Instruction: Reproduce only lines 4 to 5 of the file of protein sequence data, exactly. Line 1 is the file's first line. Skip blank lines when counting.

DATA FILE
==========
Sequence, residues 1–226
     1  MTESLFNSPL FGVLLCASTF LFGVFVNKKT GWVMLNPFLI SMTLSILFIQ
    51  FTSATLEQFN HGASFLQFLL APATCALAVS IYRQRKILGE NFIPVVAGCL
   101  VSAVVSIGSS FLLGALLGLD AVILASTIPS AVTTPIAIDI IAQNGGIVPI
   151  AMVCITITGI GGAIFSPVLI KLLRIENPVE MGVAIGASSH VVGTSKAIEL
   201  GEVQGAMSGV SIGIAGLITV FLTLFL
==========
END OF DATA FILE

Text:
   101  VSAVVSIGSS FLLGALLGLD AVILASTIPS AVTTPIAIDI IAQNGGIVPI
   151  AMVCITITGI GGAIFSPVLI KLLRIENPVE MGVAIGASSH VVGTSKAIEL